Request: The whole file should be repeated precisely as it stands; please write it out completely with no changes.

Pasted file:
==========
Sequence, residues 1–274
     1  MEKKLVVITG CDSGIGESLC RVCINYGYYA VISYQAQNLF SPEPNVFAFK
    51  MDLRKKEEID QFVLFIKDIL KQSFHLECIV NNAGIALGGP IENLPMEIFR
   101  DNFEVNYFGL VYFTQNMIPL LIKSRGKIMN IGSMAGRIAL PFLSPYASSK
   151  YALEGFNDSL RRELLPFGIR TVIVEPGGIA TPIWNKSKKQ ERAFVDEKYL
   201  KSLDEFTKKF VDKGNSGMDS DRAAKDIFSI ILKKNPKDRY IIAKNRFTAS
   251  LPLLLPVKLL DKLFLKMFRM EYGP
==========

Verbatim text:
Sequence, residues 1–274
     1  MEKKLVVITG CDSGIGESLC RVCINYGYYA VISYQAQNLF SPEPNVFAFK
    51  MDLRKKEEID QFVLFIKDIL KQSFHLECIV NNAGIALGGP IENLPMEIFR
   101  DNFEVNYFGL VYFTQNMIPL LIKSRGKIMN IGSMAGRIAL PFLSPYASSK
   151  YALEGFNDSL RRELLPFGIR TVIVEPGGIA TPIWNKSKKQ ERAFVDEKYL
   201  KSLDEFTKKF VDKGNSGMDS DRAAKDIFSI ILKKNPKDRY IIAKNRFTAS
   251  LPLLLPVKLL DKLFLKMFRM EYGP